Staunton, Sept. 16 – The harvest in Russia this year is “magnificent,” Natalya Zubarevich says, and there won’t be a famine or radical price increases for basic foodstuffs this fall and winter. But a combination of Russian government policies and limits on the ability of producers to export grain will mean first farmers and then the population will ultimately suffer.
The Russian government introduced export duties to ensure that there would be enough food for the domestic market and that it would be available without radical increase in price, the Moscow economic geographer says; but this has had consequences (newizv.ru/article/general/16-09-2022/natalya-zubarevich-da-urozhay-roskoshnyy-da-goloduhi-net-no-u-agrariev-problemy).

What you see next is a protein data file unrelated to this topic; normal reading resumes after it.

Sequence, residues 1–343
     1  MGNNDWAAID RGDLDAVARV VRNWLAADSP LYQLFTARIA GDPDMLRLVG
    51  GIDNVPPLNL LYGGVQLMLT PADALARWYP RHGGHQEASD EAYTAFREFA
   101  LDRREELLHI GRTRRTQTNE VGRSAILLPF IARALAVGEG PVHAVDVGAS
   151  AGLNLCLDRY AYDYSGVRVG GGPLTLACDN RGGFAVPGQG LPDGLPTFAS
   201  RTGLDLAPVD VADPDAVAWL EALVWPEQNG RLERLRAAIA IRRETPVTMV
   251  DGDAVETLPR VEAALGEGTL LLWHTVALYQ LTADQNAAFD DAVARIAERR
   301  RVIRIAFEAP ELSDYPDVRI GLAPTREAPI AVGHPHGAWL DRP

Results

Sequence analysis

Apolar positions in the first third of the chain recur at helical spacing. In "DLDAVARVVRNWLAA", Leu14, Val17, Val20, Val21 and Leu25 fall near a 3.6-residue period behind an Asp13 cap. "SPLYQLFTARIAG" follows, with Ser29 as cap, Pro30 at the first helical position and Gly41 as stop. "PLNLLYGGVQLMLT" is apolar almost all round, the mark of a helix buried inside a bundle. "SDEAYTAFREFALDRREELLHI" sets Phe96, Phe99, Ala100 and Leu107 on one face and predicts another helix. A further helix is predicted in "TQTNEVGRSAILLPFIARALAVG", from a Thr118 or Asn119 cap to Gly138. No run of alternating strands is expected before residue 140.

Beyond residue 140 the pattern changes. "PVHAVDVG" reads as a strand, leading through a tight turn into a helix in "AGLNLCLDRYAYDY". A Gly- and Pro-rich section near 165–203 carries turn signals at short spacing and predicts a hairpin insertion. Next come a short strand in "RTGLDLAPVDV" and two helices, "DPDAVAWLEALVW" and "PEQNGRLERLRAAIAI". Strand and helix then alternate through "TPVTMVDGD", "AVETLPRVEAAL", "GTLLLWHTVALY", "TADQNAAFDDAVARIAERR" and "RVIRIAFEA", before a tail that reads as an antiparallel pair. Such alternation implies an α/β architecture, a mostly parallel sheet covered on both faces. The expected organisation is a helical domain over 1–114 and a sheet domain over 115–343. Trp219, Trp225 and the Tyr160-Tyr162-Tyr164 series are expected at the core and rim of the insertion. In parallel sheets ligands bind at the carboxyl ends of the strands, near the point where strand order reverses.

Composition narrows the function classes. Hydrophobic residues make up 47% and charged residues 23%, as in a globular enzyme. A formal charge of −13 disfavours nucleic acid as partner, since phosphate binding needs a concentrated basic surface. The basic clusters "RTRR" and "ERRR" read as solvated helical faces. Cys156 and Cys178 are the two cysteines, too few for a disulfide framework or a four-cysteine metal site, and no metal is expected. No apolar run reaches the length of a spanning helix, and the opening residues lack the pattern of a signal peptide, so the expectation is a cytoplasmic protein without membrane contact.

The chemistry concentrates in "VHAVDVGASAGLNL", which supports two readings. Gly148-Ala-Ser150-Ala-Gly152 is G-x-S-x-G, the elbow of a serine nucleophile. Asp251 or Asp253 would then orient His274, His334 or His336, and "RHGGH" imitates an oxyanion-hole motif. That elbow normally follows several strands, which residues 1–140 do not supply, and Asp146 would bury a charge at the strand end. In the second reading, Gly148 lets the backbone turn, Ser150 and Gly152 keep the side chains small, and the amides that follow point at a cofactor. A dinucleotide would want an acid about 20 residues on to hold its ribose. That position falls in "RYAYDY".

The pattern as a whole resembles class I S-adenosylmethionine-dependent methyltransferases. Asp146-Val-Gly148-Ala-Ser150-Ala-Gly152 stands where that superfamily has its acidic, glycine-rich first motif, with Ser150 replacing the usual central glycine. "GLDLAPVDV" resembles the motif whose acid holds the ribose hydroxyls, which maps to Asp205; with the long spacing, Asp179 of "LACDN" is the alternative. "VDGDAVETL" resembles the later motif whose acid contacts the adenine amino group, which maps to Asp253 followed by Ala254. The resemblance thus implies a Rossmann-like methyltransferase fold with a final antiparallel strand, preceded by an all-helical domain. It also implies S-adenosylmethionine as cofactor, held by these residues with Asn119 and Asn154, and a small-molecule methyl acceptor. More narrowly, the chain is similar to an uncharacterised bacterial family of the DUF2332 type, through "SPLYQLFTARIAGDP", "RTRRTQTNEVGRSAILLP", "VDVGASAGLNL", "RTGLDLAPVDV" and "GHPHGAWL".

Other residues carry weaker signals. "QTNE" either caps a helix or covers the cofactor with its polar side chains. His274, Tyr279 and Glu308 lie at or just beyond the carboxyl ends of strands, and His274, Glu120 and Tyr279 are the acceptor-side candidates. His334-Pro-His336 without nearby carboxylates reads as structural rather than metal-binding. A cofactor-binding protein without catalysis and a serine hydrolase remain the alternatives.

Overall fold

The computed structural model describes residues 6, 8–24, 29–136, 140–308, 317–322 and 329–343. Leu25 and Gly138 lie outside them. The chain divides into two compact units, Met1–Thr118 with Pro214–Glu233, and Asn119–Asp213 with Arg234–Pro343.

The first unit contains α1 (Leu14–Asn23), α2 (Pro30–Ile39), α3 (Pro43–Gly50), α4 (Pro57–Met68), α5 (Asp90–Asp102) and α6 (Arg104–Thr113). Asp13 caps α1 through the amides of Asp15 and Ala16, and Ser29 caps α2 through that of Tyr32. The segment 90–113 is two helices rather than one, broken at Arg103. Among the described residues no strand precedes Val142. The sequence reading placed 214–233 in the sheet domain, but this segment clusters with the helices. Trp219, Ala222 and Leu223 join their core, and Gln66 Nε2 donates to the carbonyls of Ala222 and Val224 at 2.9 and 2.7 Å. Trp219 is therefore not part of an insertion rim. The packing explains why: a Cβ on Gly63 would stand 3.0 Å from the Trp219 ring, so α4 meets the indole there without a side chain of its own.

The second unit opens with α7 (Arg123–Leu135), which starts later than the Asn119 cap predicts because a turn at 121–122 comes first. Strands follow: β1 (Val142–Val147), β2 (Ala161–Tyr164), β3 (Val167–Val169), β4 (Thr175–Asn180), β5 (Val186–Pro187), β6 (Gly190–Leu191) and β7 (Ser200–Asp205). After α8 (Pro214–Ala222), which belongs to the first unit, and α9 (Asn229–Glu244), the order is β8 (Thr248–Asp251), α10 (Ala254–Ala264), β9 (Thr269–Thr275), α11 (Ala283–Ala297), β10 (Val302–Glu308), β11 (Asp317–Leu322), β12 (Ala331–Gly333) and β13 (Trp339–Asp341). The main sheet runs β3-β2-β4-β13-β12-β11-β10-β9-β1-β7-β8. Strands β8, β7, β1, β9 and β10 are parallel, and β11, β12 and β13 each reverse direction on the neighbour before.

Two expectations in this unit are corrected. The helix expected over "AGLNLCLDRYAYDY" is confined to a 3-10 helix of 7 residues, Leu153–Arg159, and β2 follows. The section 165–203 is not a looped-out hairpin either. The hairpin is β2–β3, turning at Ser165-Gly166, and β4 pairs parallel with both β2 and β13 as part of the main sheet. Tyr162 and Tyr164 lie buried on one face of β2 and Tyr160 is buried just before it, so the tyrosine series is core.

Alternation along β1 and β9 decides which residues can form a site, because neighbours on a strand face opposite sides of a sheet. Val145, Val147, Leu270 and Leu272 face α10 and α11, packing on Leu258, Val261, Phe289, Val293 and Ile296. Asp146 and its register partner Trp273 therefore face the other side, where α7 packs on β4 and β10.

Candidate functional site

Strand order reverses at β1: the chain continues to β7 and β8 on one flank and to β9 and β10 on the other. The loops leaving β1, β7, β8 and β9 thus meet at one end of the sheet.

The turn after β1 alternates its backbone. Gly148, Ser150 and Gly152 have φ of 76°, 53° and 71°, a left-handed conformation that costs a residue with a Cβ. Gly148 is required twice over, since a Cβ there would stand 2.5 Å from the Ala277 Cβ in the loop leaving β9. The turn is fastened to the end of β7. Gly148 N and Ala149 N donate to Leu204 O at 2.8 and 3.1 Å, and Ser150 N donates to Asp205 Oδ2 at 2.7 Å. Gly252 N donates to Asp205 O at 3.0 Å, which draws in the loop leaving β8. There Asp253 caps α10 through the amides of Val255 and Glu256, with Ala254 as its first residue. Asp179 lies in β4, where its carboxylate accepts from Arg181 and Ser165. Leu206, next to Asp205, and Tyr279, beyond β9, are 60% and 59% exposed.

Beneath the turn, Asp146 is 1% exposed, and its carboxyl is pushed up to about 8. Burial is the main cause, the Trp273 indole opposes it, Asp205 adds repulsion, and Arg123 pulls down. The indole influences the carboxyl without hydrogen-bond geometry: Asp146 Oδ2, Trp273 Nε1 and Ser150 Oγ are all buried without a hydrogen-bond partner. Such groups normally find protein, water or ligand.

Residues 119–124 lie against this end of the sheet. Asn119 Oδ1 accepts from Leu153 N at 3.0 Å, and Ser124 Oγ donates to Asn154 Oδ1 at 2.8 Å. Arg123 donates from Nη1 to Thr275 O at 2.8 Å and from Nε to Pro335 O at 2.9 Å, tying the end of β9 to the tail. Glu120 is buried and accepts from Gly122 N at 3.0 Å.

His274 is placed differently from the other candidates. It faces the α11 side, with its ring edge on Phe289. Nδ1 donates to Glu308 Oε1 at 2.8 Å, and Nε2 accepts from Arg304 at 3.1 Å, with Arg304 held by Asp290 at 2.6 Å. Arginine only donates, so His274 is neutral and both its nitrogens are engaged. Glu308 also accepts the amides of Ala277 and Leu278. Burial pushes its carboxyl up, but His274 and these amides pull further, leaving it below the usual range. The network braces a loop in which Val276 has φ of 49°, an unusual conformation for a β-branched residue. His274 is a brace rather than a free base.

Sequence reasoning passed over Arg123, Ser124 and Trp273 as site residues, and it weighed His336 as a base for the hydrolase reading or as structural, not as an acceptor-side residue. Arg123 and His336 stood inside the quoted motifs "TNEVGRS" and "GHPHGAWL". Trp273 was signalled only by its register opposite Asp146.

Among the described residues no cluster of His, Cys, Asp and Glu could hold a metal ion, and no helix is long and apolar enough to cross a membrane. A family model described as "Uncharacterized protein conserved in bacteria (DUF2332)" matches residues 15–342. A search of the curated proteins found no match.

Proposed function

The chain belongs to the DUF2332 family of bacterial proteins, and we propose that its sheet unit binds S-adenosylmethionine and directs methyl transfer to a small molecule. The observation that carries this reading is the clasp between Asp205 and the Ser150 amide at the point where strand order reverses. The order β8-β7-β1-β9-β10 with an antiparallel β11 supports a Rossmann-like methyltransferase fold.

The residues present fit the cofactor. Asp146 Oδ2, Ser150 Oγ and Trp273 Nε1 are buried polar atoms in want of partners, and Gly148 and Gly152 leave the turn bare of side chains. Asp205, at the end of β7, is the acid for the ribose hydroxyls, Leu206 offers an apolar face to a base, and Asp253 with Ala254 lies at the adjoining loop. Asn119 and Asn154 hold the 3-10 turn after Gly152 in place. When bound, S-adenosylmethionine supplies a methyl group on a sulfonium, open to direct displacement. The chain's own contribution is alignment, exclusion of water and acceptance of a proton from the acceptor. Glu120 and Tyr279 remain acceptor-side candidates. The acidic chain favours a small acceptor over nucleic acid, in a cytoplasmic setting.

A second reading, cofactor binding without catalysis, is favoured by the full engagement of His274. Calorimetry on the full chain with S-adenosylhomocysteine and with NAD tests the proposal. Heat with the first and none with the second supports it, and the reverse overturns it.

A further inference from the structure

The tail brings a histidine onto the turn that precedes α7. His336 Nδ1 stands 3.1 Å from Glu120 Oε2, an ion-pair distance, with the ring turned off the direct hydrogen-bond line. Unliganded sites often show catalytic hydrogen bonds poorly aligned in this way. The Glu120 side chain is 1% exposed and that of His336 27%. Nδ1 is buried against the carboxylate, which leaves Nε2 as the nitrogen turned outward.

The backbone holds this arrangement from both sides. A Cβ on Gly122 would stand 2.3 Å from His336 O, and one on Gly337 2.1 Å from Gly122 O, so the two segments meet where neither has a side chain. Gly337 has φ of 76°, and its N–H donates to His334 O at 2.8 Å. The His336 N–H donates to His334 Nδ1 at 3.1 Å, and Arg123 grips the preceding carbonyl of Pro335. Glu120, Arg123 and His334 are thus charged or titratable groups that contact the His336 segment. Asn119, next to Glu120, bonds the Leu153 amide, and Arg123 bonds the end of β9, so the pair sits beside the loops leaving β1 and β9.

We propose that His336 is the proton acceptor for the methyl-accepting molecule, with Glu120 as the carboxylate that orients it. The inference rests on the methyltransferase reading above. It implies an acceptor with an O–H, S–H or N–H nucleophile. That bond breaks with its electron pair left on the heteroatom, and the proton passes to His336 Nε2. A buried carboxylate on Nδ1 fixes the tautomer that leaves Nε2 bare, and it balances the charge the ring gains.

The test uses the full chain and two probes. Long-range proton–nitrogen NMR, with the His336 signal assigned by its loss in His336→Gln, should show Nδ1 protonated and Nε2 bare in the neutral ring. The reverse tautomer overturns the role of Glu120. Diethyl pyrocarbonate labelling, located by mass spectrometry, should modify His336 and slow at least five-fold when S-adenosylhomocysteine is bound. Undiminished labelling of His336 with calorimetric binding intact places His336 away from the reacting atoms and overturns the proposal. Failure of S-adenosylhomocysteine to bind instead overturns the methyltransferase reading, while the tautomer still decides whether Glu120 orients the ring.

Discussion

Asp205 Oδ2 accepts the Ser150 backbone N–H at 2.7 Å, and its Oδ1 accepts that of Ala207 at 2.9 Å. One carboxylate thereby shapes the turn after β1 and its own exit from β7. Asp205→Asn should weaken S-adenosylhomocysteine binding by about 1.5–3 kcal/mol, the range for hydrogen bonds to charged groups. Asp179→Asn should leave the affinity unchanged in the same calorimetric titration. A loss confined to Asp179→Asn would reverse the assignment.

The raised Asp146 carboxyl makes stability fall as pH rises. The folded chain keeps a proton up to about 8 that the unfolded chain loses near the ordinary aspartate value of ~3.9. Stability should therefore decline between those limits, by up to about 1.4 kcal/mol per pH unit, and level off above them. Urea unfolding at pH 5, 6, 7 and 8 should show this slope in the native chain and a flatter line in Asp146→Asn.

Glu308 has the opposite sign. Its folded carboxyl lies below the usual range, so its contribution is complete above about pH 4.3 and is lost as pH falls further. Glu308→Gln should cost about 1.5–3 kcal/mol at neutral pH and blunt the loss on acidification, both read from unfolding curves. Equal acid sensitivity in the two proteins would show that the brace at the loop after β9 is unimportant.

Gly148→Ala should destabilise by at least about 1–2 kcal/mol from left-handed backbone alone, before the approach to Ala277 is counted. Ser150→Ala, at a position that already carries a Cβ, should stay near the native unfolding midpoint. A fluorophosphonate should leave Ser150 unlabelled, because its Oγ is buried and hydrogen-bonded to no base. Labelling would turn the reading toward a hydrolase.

It means that farmers have not been able to export as much as they hoped and thus to earn the money they expected; and that in turn is affecting their calculations about how they should behave in the future, with many deciding to purchase less equipment and possibly plant less next year so as to limit their losses, Zubarevich says.
And that has been compounded by another problem, one not the result of sanctions but of the operations of the marketplace: International insurance companies have become less willing to provide policies to ships carrying cargo to or from Russia because of the risks of military actions in the Black Sea or sanctions elsewhere.
As a result, the costs of exporting Russian agricultural products have gone up, further reducing the profits Russian farms can make and thus likely depressing production in the future, the specialist on regional economics in the Russian Federation says. That means that any benefit from the large harvest this year may be undercut by smaller ones in the future.
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